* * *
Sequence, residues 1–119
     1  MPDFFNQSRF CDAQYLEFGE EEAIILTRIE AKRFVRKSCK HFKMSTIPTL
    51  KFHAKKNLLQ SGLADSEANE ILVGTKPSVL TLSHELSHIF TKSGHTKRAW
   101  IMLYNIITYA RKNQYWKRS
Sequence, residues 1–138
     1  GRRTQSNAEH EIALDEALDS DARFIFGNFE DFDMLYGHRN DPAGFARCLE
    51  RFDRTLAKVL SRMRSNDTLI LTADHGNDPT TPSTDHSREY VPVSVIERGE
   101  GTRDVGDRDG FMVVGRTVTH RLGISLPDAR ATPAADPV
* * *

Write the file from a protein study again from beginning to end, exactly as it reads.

Sequence, residues 1–119
     1  MPDFFNQSRF CDAQYLEFGE EEAIILTRIE AKRFVRKSCK HFKMSTIPTL
    51  KFHAKKNLLQ SGLADSEANE ILVGTKPSVL TLSHELSHIF TKSGHTKRAW
   101  IMLYNIITYA RKNQYWKRS
Sequence, residues 1–138
     1  GRRTQSNAEH EIALDEALDS DARFIFGNFE DFDMLYGHRN DPAGFARCLE
    51  RFDRTLAKVL SRMRSNDTLI LTADHGNDPT TPSTDHSREY VPVSVIERGE
   101  GTRDVGDRDG FMVVGRTVTH RLGISLPDAR ATPAADPV